A Day in the Life of a Cake

After reading about the Threadcakes contest (which I *will* be entering this year!), and the contest rules about taking multiple pictures of the cake making process, I thought it would be a great idea to start taking more “in-progress” photos of Sweet Element cakes to show how cakes are made.  I know some people may think that it’s a crazy “secret-giving-away” thing to do, but I don’t think that there are any “secrets” to keep.  Cake designing, making & decorating is usually a lot of fun and definitely a lot of WORK.  Like with any other artistic endeavor, it’s a process that requires constant learning, which sometimes involves mistakes, and many times involves reworking and problem solving on the fly.

This first “tell-all” cake was made for a the graduation party of a friend, who as you might guess is a huge Linux fan.  A few years ago I surprised him with a 2D Linux cake for his birthday, and I figured he would definitely love a 3D Tux cake now that my decorating skills have progressed just a lil’ 😉

This first photo shows the stacked & buttercreamed “base-cake”, which was comprised of three individual cakes that were alternating layers of yellow & devil’s food cake filled and frosted with vanilla moussaline buttercream.  Next time I’ll have to remember to take a picture of the three individual cakes prior to stacking & carving, to give you a better idea of the whole process!

Once I had the basic structure assembled, I took a look at some reference materials I had on Tux and decided he needed a little fattening up & also a tail, so I took some white modeling chocolate, sculpted a penguin “beer-belly” & tail and added them to the base cake.

Once the more rotund Tux was well chilled, I gave him a black fondant shell, white fondant belly, fondant eyes, and added some black modeling chocolate arms.  The first beak shown here was made of rice crispy treats that was covered in fondant.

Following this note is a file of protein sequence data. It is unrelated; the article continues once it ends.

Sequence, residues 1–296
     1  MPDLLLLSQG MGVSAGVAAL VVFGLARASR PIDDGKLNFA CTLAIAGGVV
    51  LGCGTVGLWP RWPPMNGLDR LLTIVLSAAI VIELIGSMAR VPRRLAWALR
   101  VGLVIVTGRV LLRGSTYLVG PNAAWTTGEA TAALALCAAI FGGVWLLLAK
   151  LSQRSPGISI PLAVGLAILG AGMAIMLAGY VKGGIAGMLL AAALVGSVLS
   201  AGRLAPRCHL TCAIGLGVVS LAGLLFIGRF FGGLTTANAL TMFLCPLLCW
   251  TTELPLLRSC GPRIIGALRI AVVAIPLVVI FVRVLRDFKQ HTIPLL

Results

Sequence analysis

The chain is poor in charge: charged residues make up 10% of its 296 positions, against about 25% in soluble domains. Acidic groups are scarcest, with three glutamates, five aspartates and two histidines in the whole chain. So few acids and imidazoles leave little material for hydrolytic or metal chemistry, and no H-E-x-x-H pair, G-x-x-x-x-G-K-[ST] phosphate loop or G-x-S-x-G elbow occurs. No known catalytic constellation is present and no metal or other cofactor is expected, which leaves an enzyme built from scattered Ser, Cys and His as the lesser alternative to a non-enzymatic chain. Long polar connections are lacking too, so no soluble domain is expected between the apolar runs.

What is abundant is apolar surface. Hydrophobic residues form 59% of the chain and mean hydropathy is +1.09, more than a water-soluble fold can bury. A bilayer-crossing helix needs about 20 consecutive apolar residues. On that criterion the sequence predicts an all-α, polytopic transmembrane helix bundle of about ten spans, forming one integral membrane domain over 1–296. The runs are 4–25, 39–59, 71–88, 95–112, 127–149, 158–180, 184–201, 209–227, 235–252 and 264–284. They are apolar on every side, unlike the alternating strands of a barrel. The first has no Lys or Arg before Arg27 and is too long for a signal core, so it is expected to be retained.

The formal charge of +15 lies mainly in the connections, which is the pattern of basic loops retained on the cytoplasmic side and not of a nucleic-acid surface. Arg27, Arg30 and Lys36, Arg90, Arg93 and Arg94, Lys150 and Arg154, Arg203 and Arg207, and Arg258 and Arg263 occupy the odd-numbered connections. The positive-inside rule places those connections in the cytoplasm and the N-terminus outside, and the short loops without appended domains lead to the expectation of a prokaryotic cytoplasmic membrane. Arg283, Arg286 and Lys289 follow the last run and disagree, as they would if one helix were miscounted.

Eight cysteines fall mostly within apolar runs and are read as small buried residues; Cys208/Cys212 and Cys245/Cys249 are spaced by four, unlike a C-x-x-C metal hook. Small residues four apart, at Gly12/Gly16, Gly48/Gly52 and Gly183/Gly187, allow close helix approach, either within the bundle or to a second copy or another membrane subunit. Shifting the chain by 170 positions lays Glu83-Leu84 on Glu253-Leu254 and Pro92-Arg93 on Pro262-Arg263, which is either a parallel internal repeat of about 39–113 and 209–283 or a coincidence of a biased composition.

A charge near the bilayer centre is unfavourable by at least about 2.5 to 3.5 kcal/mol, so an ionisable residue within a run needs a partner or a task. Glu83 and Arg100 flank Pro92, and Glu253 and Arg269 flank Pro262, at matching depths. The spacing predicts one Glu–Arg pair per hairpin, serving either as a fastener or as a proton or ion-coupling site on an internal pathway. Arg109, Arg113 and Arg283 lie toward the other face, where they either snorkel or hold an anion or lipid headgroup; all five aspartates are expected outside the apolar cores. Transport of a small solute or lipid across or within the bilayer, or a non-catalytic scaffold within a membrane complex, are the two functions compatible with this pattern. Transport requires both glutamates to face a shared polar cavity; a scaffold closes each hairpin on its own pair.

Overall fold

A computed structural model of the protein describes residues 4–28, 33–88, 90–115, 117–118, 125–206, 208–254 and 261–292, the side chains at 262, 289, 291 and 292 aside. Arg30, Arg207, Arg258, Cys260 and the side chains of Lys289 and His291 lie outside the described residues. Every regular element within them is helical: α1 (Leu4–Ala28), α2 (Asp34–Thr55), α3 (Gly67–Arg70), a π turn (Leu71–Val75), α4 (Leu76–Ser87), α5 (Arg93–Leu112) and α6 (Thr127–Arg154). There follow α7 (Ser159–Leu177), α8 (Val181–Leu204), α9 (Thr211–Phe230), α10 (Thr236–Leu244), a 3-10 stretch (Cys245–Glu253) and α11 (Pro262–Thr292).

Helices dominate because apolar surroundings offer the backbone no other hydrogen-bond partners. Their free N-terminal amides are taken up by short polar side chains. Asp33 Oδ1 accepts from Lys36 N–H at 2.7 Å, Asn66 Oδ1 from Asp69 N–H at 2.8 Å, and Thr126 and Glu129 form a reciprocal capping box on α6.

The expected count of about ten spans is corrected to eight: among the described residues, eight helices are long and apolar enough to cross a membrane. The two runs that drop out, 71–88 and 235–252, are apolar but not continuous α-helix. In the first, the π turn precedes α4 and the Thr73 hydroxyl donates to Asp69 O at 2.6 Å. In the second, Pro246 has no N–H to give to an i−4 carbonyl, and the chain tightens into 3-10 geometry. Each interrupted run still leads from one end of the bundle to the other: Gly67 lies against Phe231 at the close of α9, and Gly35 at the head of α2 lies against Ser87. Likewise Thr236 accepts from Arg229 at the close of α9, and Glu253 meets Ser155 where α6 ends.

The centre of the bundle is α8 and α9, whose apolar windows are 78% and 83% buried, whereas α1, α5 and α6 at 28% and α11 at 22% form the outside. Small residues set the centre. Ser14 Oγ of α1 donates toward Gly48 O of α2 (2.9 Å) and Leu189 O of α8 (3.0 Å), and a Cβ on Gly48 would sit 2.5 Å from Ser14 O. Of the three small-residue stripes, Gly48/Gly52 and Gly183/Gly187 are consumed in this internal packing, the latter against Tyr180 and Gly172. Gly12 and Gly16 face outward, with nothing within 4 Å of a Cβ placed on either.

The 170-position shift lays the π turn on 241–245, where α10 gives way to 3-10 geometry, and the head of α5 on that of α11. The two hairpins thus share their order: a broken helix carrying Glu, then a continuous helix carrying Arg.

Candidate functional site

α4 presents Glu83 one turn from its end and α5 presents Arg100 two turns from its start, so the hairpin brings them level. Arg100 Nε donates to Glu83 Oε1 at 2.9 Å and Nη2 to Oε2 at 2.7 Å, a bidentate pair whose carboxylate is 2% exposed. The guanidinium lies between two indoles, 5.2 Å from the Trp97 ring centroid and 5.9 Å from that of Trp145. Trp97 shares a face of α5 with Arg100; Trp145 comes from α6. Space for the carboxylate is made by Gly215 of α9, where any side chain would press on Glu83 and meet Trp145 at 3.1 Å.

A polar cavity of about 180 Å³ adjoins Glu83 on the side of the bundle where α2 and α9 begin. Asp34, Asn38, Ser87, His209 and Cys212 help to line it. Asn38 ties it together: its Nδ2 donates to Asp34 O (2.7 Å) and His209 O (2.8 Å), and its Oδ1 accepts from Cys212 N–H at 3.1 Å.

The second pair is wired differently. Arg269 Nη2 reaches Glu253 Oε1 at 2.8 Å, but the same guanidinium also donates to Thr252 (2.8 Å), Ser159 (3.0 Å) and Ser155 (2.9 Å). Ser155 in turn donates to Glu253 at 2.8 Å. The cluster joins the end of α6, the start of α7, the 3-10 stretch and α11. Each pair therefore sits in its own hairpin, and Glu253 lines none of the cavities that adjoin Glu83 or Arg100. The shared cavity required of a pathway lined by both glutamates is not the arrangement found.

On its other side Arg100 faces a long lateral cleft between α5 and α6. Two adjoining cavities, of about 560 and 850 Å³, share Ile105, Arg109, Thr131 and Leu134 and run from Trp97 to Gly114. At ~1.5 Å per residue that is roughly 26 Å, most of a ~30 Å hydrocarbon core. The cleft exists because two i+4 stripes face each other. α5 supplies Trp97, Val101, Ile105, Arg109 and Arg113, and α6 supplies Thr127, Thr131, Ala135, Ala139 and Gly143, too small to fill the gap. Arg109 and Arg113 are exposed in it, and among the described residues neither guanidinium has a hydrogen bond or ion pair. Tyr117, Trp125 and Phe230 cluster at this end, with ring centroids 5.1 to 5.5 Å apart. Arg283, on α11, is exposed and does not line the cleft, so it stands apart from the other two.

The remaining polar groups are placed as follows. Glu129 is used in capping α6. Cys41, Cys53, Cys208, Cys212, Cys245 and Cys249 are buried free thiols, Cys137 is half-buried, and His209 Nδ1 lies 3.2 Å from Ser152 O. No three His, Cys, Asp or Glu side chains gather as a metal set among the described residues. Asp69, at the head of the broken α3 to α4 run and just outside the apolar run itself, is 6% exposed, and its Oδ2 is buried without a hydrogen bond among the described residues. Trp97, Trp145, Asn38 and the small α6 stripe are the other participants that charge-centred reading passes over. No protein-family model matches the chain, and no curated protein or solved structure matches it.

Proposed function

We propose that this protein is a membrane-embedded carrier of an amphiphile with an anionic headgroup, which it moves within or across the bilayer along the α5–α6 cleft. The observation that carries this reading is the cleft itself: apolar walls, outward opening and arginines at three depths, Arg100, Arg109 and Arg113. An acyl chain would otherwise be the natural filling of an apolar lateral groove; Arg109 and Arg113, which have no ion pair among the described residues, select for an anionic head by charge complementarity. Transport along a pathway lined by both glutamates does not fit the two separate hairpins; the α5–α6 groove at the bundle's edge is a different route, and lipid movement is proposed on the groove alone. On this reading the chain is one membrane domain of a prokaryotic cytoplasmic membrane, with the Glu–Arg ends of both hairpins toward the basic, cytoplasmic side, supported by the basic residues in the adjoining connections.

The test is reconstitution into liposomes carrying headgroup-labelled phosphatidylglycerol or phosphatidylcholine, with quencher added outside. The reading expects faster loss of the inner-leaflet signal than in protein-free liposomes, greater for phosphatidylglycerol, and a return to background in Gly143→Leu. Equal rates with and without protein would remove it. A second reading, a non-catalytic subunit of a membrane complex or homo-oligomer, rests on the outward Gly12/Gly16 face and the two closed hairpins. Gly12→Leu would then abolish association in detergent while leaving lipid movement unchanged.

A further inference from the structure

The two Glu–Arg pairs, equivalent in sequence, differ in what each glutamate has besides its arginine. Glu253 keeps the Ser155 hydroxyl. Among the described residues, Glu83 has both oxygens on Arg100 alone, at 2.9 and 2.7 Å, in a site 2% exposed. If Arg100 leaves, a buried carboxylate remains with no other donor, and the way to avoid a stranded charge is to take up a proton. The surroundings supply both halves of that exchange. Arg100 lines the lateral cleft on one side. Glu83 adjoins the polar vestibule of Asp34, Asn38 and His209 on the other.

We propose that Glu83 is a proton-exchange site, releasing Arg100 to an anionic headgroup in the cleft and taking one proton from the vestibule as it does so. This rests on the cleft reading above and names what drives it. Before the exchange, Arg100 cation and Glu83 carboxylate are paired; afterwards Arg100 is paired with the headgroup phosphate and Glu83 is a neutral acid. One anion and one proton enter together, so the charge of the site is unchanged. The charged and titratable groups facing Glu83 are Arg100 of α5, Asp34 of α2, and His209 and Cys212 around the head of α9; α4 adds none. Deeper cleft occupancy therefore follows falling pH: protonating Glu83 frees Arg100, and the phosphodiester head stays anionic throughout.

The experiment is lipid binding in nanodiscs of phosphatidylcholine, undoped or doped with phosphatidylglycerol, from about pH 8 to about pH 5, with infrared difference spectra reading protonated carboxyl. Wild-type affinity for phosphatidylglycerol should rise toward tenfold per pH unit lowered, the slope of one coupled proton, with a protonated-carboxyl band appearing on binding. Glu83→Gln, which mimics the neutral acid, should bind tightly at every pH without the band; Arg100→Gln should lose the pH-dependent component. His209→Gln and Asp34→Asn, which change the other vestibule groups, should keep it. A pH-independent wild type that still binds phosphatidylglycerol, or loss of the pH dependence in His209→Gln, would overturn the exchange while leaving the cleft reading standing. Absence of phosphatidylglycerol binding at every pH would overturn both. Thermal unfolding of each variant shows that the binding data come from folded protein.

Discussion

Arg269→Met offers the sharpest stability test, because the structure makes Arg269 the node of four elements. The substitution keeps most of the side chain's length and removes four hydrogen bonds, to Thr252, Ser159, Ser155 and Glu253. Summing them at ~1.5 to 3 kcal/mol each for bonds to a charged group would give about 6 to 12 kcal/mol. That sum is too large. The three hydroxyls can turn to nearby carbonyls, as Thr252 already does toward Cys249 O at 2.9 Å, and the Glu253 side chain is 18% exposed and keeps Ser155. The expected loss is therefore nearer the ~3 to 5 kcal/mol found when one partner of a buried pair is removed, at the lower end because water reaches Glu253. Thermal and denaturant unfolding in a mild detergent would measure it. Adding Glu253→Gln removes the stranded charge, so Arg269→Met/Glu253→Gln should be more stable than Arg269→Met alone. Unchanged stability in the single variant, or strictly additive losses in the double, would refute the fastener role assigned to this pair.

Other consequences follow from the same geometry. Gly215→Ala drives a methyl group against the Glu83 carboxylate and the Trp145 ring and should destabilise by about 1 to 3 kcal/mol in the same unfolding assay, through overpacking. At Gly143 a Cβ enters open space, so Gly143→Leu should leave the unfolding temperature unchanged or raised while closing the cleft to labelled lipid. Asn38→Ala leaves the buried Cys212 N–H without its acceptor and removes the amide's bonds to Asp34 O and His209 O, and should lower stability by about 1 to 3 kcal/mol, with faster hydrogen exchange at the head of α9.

Well, as you can see, that first beak just didn’t work out. With the insane humidity lately, I wasn’t confident that the lil’ guy would keep that beak on from my studio to the party in Manhattan, so I opted for a little reconstructive surgery & a foam beak, which was much lighter & made me feel a lot less nervous about a delivery disaster.

Ok, so I skipped a *lot* of other photo ops, but I was trying to get this guy done quickly so I could get him back in the fridge to chill for delivery.  His beak & feet are foam covered in a mix of modeling chocolate & fondant.

Here’s good ol’ Tux hanging out for the day in Jay’s Madison Ave. office 🙂

And here he is after a grueling 4 block walk over to Butterfield 8, where he hung out at a table right by the front window.  It was so humid, that the gumpaste mortarboard I had fully dried out was a little wilty as soon as I put it on (at this point I was REALLY happy I opted to change out his original beak!).  The original tassels didn’t survive the trip, but I had brought some black modeling chocolate with me and made a new one right there in the bar.

The happy grad & his Tux cake, complete with mortarboard & tassels.

Tux at happy hour with the rest of us having a Stella & some bacon covered scallops 😀

As cute as he was, Tux was there to be eaten! I thought it would be fitting for Larry to be given the head since it was his party & all.

And here he is digging in! It’s always nice to hear people compliment the flavor of the actual cake, which happened a number of times at this party. My favorite compliment was from someone who came up to me and admitted that they normally don’t even like cake – but they had multiple slices of lil’ ol Tux because he was so tasty!


4 responses to “A Day in the Life of a Cake

  1. That cake is too cute! I actually think it looks good with the slightly floppy mortarboard. Tux isn’t the straight-laced type, after all…

  2. What size pans did you use? When you say 3 cakes, does that mean 6 layers made into 3 cakes?

    Your cake looks great. I’d like to make one as a groom’s cake for my son.

    Thanks!

    • Usually when I make sculpted cakes like this, I bake 2-3″ sheetcakes (12×18) and cut the sizes I need out of them. And yes, there were 6 layers made into 3 cakes. Best of luck on making your very own penguin cake!

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